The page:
The Canadian Flag flies over the Nova Scotia visitor center. A young Highlander Soldier welcomes visitors to Halifax. There is a very nice visitor center on the main road into Novia Scota, from New Brunswick.

One of the special places in Canada has to be Nova Scotia. That is particularly true for any of us who may have a bit of a Scottish heritage. Nova Scotia was, for the most part, settled by people who came originally from Scotland. The first Europeans to settle here were actually from France, but when the British took control of the area, most of the French people, known as Acadians, were removed and people of Scots decent, many from the area known as Vermont today, were relocated to Nova Scotia, and thus the Latin name for New Scotland.

One of the many Victorian buildings in Truro, NS. The Truro visitor center. A typical residential street that could be in most cities and towns of Nova  Scotia.

We spent our first night in Nova Scotia in the town of Truro. It, like so many towns here, was a much older city than are most of those we have spend time in over our years living in the USA. It is a beautiful place with very friendly people, as seems to be true in most of Canada.

This is the entry to Victoria Park in Truro. The park is a stip along a stream and up into a canyon. There are several very pretty water falls in the park. Victoria Park is a very beautiful and peceful place.

We spent the evening touring the city and walking with Muffie through the wonderful Victoria Park. One of the most unusual features of Truro is that statues that line the streets of the down-town area. Most of them were carved from trees that once grew in front of the building where located.

The statue of the librarian stands on the lawn of the library. Stature of the school master in front of the school building. This WWII memorial is in front of the provincial government building. This statue is located in front of city hall.

From Truro we then traveled east to Cape Breton at the east end of Nova Scotia. The Cabot Trail is a scenic route that follows the coast.

This sign welcomes you to the Ceilidh Trail. Overlook along the Ceilidh Trail. The coast of Cape Breton is mostly rocky.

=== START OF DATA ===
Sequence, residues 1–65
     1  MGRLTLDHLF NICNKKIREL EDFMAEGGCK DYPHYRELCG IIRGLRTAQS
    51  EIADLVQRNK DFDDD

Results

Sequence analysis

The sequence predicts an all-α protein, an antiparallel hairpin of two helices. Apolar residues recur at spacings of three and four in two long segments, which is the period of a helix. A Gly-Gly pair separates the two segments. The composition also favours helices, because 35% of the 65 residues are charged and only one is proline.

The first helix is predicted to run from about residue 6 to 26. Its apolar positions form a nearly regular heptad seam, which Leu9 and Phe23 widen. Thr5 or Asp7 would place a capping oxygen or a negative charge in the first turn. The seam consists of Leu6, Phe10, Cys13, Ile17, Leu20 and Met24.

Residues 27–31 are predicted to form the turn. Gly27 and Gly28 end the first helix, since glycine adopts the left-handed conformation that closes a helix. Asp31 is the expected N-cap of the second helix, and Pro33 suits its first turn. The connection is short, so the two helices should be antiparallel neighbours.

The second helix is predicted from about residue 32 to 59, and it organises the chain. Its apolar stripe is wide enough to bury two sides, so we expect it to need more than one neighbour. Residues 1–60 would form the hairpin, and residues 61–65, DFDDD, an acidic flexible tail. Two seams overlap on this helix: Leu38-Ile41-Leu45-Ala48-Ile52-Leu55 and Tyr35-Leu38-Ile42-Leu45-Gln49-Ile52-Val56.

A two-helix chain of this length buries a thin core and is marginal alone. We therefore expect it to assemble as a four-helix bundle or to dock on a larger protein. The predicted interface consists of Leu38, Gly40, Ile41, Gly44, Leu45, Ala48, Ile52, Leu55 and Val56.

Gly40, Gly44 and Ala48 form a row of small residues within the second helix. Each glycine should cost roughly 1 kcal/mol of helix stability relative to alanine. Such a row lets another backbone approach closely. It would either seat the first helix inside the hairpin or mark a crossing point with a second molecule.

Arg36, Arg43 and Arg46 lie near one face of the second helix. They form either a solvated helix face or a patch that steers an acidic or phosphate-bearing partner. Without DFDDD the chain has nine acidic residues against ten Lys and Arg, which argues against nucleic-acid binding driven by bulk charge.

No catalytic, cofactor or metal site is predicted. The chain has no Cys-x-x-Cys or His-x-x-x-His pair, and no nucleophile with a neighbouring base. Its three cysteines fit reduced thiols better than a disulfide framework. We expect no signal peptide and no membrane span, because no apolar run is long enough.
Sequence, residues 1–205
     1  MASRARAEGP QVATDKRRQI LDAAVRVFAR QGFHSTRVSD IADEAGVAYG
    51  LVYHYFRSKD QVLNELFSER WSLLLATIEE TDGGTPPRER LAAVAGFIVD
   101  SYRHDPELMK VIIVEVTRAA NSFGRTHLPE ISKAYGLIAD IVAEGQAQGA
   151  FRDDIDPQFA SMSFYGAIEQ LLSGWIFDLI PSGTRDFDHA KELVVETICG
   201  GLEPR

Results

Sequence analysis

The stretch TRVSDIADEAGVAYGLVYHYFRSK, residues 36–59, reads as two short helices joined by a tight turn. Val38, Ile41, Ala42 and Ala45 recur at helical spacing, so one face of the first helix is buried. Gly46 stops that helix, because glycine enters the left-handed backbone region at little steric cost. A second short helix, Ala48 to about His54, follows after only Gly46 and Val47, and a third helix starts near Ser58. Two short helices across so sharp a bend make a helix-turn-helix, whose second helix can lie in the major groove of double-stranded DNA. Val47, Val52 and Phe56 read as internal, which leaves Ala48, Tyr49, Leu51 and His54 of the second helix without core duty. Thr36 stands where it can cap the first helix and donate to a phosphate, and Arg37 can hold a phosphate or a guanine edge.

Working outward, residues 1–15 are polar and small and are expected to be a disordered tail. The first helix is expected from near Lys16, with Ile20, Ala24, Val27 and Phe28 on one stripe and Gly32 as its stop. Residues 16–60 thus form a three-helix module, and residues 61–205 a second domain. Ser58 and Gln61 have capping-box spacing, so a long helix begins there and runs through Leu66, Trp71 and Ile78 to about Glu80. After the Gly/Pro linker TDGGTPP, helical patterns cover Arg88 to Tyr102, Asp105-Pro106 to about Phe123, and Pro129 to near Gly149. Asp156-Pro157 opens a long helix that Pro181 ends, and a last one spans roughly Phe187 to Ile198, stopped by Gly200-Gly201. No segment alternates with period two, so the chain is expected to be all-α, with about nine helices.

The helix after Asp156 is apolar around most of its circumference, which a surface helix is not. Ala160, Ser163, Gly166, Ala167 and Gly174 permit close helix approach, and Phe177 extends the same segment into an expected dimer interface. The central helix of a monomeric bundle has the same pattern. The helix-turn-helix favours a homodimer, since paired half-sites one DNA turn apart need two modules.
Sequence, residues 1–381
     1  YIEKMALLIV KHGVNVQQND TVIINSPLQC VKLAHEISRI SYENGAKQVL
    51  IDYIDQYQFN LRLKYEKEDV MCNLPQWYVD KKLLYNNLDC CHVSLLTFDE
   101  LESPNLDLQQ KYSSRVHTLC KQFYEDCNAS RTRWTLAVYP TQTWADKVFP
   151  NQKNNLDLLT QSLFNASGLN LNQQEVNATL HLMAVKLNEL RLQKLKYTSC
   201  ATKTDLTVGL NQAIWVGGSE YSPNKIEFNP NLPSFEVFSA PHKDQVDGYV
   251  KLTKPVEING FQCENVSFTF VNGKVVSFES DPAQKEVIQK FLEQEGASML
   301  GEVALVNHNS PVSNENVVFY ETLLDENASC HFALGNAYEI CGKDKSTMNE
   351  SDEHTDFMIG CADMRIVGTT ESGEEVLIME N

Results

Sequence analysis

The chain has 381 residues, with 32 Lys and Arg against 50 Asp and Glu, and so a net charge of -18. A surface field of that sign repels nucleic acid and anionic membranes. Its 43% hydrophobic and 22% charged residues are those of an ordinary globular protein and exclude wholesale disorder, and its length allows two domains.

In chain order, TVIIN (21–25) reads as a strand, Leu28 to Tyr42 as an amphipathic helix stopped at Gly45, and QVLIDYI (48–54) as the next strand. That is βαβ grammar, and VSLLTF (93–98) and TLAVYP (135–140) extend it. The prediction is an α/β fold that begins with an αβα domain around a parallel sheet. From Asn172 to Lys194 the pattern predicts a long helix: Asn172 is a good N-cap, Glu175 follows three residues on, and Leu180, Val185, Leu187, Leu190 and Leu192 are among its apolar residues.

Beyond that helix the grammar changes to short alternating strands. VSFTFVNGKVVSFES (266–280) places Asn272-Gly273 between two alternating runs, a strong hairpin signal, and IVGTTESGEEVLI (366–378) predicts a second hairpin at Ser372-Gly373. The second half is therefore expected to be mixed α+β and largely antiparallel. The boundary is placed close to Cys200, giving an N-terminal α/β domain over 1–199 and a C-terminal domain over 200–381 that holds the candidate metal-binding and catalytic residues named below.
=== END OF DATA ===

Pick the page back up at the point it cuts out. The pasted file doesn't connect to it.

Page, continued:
Although it was raining, we took a short side trip to see the Ceilidh Coastal Trail. The population is a mix of French and Scottish people.

The town of Cheticamp, just outside of Cape Breton Highlands. This is a view of Wreck Cove, in Cape Breton Natl. Park. This bay and town are both called South Harbour.

The drive around the Cape Breton Highlands National Park is breath taking, even in rainy weather.

Waves pound the rocks at the eastern end of the cape. The forest in the park is very dense and undistrubed. There are many small, off-shore islands around Cape Breton.

From Cape Breton we traveled south along the coast to spend some time visiting Halifax. It is one of the oldest cities in North America.

This coastal view is typical Nova Scotia shorelines. There is s suspension bridge between Halifax and Dartmouth. A three mast sailboat travels through Halifax harbor.

Halifax is a city that is full or history. One of the most interesting is the old British fort.

The British flag flies over the fort as it did long ago, in addition to the flag of Canada. The staff portray the role of Scotish soldiers who were stationed here. Notice that the fort also flies the US flag, to welcome the American tourists.

The staff that you see in the fort are all dressed in period costumes and seem to be very knowledgeable in history of the fort and the city.

The young people who work in the fort do an excellent job. The old barracks building has museums and restored rooms in it. The soldiers march everywhere, just as was true in 1800. There are many rooms of museums in the fort.

One could easily spend several days just exploring Halifax and Dartmouth.

The city, as seen from the top of Garrison Hill. Halifax harbor with Dartmouth on the other side. This is a different view of the city of Halifax.

After exploring the old city we began our trip back toward Maine. This did give us a chance to see the interior of Nova Scotia.

The main farm crops are corn and cattle. The toll road back to New Brunswick is the only divided highway we saw. The countryside is mostly forest with groups of farms in some areas.

Like all trips, the end came much too soon, so we head for our home base with fond memories of this beautiful place!